There was also this painting at the far end, but we didn’t get anywhere near enough to take a picture.
Image from here
Please take the time to listen to this and reminisce about your childhood and better days spent watching ridiculously disturbing cartoons like Cow & Chicken. 

The restaurant is in Shoreditch (but of course), a few minutes’ walk from Old Street tube station. We all know that I often get lost around the Old Street roundabout, but thankfully today I was with H and N, so we found our way there seamlessly enough. 
It was only 7PM but the place was already quite packed. Luckily I had made reservations because there was a constant stream of people coming and going throughout the night.
Knowing that the place was famous for its roast chicken and steaks, we made up our minds really quickly. Although it took a while to place our orders because the place was so busy, the food arrived much quicker than I expected, and I can’t tell you how good it all smelt when they brought it to our table.
Glenarm mighty-marbled Sirloin Steak – 250g (£22.50)
The steak was cooked to our specification. The outside was nicely charred and the meat was pink, tender and flavorful. I had a problem with the gristle though. Normally I LOVE the fat on steaks, but the fat on this was a bit too tough, almost rubbery, so I gave it a miss.
All steaks are served with chips and bearnaise sauce, which is my favorite accompaniment for steak. The tarragon flavor in this wasn’t too strong, and there was just the right amount of vinegar in it so that it didn’t taste “soapy”.
Now let’s talk about the chicken.
Swainson House Farm roast chicken
with baked garlic sauce and chips -
for two/three to share
Must say, that chicken doesn’t look too comfortable.
They serve it whole at the table and carve it up in front of you at your request. It’s often far too easy to dismiss roast chicken as an everyday dish that you would never order at a restaurant. I make the same mistake myself. But this was pretty spectacular. The skin wasn’t crispy (but let’s face it: the skin on roast chicken never goes that crispy) but it wasn’t flaccid or difficult to eat in the slightest. The meat was succulent, juicy and tasty.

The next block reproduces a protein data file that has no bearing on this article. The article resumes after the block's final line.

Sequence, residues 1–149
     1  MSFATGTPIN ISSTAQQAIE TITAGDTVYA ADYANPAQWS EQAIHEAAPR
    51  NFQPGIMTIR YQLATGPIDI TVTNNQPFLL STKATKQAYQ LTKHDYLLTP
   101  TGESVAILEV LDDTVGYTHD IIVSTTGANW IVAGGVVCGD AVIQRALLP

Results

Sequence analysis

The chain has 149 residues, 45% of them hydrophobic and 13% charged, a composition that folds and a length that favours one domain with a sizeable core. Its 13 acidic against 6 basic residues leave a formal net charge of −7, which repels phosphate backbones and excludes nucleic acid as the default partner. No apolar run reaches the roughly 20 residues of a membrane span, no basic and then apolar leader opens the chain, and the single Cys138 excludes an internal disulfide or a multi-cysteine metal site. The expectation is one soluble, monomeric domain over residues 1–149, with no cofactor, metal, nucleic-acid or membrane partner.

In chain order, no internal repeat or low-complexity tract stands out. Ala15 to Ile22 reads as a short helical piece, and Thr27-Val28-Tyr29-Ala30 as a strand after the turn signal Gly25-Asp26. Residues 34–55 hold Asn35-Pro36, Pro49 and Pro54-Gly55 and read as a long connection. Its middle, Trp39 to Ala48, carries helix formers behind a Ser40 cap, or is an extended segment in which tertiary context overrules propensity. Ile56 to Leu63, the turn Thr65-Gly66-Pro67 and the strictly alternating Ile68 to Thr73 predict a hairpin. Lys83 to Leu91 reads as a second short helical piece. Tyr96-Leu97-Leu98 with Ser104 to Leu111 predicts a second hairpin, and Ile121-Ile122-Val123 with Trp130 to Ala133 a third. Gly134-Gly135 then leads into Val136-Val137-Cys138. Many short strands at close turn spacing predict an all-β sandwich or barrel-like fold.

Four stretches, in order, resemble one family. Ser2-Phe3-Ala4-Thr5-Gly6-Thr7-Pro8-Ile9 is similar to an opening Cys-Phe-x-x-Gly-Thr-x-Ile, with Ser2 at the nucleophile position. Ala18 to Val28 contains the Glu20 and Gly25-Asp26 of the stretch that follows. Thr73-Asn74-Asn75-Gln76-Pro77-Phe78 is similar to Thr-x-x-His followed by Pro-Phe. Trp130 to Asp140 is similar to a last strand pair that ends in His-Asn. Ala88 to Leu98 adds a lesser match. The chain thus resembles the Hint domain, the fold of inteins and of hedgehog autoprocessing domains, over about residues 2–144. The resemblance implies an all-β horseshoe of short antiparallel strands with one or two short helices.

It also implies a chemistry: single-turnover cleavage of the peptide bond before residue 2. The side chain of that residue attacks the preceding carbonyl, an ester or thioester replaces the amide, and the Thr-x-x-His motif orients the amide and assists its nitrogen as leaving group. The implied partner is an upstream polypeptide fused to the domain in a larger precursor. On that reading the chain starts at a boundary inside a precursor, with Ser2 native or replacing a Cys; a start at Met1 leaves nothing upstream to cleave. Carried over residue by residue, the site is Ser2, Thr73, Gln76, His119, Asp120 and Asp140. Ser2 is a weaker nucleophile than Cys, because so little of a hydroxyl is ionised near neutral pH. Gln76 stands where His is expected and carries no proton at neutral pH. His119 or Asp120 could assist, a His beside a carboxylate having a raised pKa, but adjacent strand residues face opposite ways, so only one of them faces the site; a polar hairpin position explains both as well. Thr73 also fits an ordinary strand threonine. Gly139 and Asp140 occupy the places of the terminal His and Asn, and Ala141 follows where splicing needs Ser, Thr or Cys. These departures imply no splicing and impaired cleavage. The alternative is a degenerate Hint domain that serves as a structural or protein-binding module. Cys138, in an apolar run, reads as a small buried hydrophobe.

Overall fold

The chips were good – crispy on the outside and fluffy within. And those that were nestled in and around the chicken, soaking up those meaty juices and fats? GEMS.
They serve the food with a variety of sauces and condiments which they’ll be more than happy to top up for you if you are running low on supply.
Carcass shot
And then we moved swiftly on to desserts.
We KNEW we had to get this.
Salted caramel fondue with marshmallows and doughnuts (£12.50)
This totally stole the show. The salted caramel was smooth and the perfect balance of savoury and sweet. The doughnuts were like churros – crisp, airy, sugary, cinnamonny – but they weren’t outstanding. Those marshmallows though? I repeat, those marshmallows??? They were the BOMBDIGGITY.
I’ve had homemade marshmallows before, and have tried my hand at making them with friends, but these were really something else. They had the perfect texture. Soft and fluffy to the touch, light and spongy when you bite into it, and ever-so-slightly melty and gooey in the centre… We couldn’t help mm-ing and ahh-ing while eating them.
We loved them so much, I felt it necessary to make friends with the lovely waitress, who very sweetly slipped us some more. I told her she made my life and she laughed. Feel free to try your luck if you go.